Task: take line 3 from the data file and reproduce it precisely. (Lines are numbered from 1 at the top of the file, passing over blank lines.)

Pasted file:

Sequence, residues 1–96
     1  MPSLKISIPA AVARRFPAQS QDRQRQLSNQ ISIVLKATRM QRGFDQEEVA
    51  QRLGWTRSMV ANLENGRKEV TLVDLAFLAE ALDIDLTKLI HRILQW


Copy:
    51  QRLGWTRSMV ANLENGRKEV TLVDLAFLAE ALDIDLTKLI HRILQW